I am accentuating the negative, though. For the most part, Edmonton's AHLers heavily outplayed Vancouver's AHLers (promising sign, Oklahoma City Barons fans!), Edmonton's NHLers outplayed Vancouver's NHLers, and even when Vancouver got NHLers against Edmonton AHLers, as long as it wasn't the Sedin line Edmonton usually came out ahead. Not one Oiler, not even the Reverse Three Stars, really played badly. There were mistakes, but they were scattered throughout the lineup and the team looked surprisingly composed and in control given the circumstances.

Taylor Chorney had one of the finest games I've ever seen him play. Some fans are blaming him for Daniel Sedin's goal that made it 2-1, as Chorney came up to engage Henrik Sedin and try to strip him of the puck on that penalty kill. I disagree. First, Zack Stortini had lost his stick and there was nobody else in position to check Henrik, who was stickhandling neatly and had a golden opportunity. Chorney not only did the right thing coming to check Sedin, he actually succeeded in knocking the puck off Sedin's stick. The problem was the rest of the team: Stortini had no stick so he gets a pass, but Ryan Whitney and the other Oilers forward essentially coasted forward uselessly while the Canucks went to the aid of the struggling Sedin. The result was Vancouver regaining possession, a five-bell scoring chance that Dubnyk somehow saved, and eventually Daniel Sedin's goal. Daniel beat Chorney to the puck flying through the air on the goal, but there are an awful lot of pretty good NHL defensemen who don't have the hand-eye coordination of Daniel Sedin.

Meanwhile, Chorney had a terrific game defensively; he cut out passes, cleared the zone, made life hell for the Canucks, and by the end of the game Renney was running him out to kill off the last minutes even though he was saddled with Jake Taylor as his defensive partner. Chorney was up for a (non-reverse!) star of the game in my book. If he had a flaw it was that the alleged offensive defenseman did very little on the power play but, then, apart from Ryan Whitney who did?

(Speaking of Ryan Whitney: the guy had three assists, stood up the Canucks at the blue line enough times that I lost count, almost single-handedly made the winning goal, nearly deprived us of having to watch Alexandre Giroux anymore with a friendly fire collision, and played the entire game while looking staggeringly bored. The kid's got talent. I give Steve Tambellini a lot more credit for the Lubomir Visnovsky trade now than I did when he made it.)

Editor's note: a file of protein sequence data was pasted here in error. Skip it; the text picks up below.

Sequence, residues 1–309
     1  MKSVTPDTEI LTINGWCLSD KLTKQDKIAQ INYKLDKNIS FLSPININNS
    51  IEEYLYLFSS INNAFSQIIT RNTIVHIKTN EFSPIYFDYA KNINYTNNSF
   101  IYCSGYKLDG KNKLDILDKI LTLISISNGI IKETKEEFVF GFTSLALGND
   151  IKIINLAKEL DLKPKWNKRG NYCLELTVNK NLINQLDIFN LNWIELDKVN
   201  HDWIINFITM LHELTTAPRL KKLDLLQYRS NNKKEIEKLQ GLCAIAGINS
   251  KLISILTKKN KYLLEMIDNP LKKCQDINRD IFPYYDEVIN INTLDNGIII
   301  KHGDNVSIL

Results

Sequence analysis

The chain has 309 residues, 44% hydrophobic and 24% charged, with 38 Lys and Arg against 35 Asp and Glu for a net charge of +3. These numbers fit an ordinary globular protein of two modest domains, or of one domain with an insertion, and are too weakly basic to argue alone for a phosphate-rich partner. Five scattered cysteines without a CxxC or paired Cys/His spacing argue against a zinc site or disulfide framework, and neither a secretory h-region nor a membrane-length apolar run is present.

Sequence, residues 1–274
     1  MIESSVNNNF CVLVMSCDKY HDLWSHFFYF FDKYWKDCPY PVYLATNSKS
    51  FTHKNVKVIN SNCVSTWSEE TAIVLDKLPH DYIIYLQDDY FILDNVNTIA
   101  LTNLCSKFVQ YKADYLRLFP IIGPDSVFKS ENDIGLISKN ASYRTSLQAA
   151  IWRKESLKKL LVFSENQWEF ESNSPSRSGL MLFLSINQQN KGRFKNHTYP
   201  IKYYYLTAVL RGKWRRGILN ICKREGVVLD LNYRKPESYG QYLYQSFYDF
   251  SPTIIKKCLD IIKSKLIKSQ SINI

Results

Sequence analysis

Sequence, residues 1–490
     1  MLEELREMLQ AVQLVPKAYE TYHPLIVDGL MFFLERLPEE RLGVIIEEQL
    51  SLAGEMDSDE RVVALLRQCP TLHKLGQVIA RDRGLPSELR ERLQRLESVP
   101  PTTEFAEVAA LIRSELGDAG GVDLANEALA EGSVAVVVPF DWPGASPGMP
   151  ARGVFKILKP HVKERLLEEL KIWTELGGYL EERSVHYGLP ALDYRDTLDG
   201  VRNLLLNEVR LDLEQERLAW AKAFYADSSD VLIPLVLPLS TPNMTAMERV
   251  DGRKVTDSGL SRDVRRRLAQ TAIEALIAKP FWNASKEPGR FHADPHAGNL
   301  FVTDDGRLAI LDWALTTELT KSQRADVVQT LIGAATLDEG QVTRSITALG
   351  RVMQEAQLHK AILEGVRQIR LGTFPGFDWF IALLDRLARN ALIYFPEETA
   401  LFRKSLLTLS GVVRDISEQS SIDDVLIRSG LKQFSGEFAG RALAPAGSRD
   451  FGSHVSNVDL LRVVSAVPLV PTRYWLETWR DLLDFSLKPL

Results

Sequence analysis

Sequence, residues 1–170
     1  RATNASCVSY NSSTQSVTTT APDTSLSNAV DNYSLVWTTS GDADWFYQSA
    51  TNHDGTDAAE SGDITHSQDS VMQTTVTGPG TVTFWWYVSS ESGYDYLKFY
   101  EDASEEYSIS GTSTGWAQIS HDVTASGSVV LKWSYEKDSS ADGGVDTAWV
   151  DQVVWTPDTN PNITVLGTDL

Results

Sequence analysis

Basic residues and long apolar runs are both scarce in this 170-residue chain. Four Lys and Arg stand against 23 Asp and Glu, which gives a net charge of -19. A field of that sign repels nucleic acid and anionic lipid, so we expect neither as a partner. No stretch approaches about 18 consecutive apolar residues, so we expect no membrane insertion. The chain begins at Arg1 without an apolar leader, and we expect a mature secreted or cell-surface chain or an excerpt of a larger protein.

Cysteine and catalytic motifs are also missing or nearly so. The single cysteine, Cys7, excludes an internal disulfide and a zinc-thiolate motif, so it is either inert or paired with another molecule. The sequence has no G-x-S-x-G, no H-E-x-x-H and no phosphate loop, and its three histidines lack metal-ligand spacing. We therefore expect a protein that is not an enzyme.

I was of course interested in Jordan Eberle, and while his counting numbers weren't up to much I caught glimpses of a few skills I hadn't expected from him. He really has got a marvelous playmaker's touch, sending clever deflection passes and catching his teammates in difficult passing lanes more than once. He also took a tremendous licking; in the first period Alexandre Bolduc seemed to make it his life's goal to carve up Eberle and gave Jordan a stick blade to the ribs so many times it's like Eberle was prepping for surgery. Towards the end of the first Eberle was also pasted, cleanly, at the blue line by a Canuck I neglected to get the number of. But every time he got up without chirping to the officials and got back in the play as expediently as physically possible. The hockey gods will surely reward such un-Alexandre Burrows-like behaviour, and I thought that he was actually the best part of his line. He didn't trouble the scorers and his shots were either wide or right into the goaltender, but anyone with his combination of a quick release, offensive awareness, and superb hand-eye coordination is going to be an 80 point scorer someday.